Despite his times of disobedience, Abraham believed that God would keep His promise. God honored Abraham's faith by giving him not only Isaac, the child of promise, but descendants too numerous to count. One man's faith literally changed the world.

Similarly, the faith you exercise today will influence others tomorrow. So be faithful and remember: despite your failures, God "is able to do exceeding abundantly beyond all that we ask or think, according to the power that works within us" (Eph. 3:20).

Suggestions for Prayer

  • Thank God for those who have had a righteous influence on you.
  • Pray for greater opportunities to influence others for Christ.

For Further Study

Read the account of Abraham and Sarah in Genesis 18-21 and 23.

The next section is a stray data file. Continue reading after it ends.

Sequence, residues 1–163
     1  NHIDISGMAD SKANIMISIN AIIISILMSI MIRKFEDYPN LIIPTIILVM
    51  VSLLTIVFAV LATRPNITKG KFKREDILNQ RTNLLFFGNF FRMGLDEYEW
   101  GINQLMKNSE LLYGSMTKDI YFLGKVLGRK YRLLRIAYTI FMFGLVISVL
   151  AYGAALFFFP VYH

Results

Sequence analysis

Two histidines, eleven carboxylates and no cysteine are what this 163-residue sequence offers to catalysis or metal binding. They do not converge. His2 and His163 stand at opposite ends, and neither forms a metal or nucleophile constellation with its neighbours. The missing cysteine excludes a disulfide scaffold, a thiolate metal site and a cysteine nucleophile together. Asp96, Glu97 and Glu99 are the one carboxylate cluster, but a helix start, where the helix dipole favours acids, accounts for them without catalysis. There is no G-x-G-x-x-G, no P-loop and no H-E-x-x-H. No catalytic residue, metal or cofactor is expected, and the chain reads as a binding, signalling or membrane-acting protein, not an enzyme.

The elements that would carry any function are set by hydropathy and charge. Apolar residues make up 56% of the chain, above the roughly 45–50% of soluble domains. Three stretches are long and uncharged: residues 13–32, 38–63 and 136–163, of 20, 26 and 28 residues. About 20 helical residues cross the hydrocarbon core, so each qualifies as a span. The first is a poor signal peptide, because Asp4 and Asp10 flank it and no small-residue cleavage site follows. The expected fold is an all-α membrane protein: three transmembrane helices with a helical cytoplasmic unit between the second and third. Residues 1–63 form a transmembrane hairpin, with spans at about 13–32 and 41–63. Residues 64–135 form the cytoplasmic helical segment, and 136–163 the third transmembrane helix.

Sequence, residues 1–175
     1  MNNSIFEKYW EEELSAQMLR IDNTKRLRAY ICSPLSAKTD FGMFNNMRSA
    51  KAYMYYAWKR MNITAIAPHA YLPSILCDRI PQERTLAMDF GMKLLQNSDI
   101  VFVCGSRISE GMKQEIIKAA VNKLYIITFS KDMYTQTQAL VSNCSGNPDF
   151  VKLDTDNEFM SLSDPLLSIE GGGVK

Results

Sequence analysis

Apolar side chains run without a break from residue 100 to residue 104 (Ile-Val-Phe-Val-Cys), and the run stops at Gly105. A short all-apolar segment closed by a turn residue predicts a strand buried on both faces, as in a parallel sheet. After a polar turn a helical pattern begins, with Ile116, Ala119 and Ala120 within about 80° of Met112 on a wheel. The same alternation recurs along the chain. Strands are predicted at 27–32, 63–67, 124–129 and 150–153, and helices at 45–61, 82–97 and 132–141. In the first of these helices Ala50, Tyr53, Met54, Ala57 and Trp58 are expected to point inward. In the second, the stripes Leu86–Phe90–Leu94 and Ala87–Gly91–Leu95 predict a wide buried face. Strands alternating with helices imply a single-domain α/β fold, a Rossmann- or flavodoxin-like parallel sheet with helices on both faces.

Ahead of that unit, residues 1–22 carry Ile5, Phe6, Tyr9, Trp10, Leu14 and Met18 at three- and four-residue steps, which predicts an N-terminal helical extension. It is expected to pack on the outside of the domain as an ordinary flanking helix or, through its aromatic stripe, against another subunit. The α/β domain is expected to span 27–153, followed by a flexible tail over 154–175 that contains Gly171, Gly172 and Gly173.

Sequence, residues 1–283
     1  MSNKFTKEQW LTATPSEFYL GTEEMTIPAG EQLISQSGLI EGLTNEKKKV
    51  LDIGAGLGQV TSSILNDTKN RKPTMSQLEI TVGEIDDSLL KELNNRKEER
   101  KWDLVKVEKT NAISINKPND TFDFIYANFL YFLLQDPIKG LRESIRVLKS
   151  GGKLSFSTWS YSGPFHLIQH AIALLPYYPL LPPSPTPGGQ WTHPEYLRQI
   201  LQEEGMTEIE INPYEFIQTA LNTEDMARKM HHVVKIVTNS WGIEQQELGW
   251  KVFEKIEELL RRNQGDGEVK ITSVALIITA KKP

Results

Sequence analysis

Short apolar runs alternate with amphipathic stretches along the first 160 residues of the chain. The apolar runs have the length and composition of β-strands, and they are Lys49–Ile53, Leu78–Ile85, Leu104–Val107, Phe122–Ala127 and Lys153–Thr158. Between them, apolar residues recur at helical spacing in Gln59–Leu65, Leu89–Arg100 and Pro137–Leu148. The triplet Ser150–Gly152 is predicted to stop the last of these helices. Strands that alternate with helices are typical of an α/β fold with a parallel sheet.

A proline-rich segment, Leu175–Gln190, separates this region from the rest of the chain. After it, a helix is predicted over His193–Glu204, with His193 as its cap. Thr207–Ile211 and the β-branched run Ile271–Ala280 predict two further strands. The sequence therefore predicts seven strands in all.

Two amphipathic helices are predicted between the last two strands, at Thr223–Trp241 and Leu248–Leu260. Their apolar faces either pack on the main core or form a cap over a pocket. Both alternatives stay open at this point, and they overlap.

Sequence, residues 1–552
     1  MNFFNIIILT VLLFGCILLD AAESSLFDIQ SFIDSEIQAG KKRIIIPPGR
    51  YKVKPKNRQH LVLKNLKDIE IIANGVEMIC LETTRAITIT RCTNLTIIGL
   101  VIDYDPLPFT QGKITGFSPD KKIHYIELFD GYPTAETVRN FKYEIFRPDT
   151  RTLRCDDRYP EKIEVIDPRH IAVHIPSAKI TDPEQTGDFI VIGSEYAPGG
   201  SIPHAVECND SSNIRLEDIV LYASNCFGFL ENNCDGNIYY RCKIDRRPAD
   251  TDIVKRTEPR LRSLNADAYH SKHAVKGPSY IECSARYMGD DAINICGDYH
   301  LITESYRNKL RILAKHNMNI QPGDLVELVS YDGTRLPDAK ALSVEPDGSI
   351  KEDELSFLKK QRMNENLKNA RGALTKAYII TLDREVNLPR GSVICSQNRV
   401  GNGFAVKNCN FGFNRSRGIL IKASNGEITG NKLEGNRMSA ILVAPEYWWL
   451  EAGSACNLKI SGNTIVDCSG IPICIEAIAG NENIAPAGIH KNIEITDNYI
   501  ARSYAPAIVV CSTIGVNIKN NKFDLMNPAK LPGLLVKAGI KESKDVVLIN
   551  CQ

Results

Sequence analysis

From Drawing Near by John MacArthur Copyright © 1993. Used by permission of Crossway Books, a division of Good News Publishers, Wheaton, IL 60187,

November 18

The Words of a Fool

“The tongue of the righteous is as choice silver, the heart of the wicked is worth little” (Proverbs 10:20).

A fool desires to share his folly with others.

Proverbs 1:7 says, “The fear of the Lord is the beginning of knowledge; fools despise wisdom and instruction.” Wisdom, as defined in the Book of Proverbs, is living by divine standards, which implies accepting divine truth. But a fool rejects that. First Corinthians 2:14 says that “a natural man does not accept the things of the Spirit of God; for they are foolishness to him.” To a fool, foolishness is wisdom and wisdom is foolishness.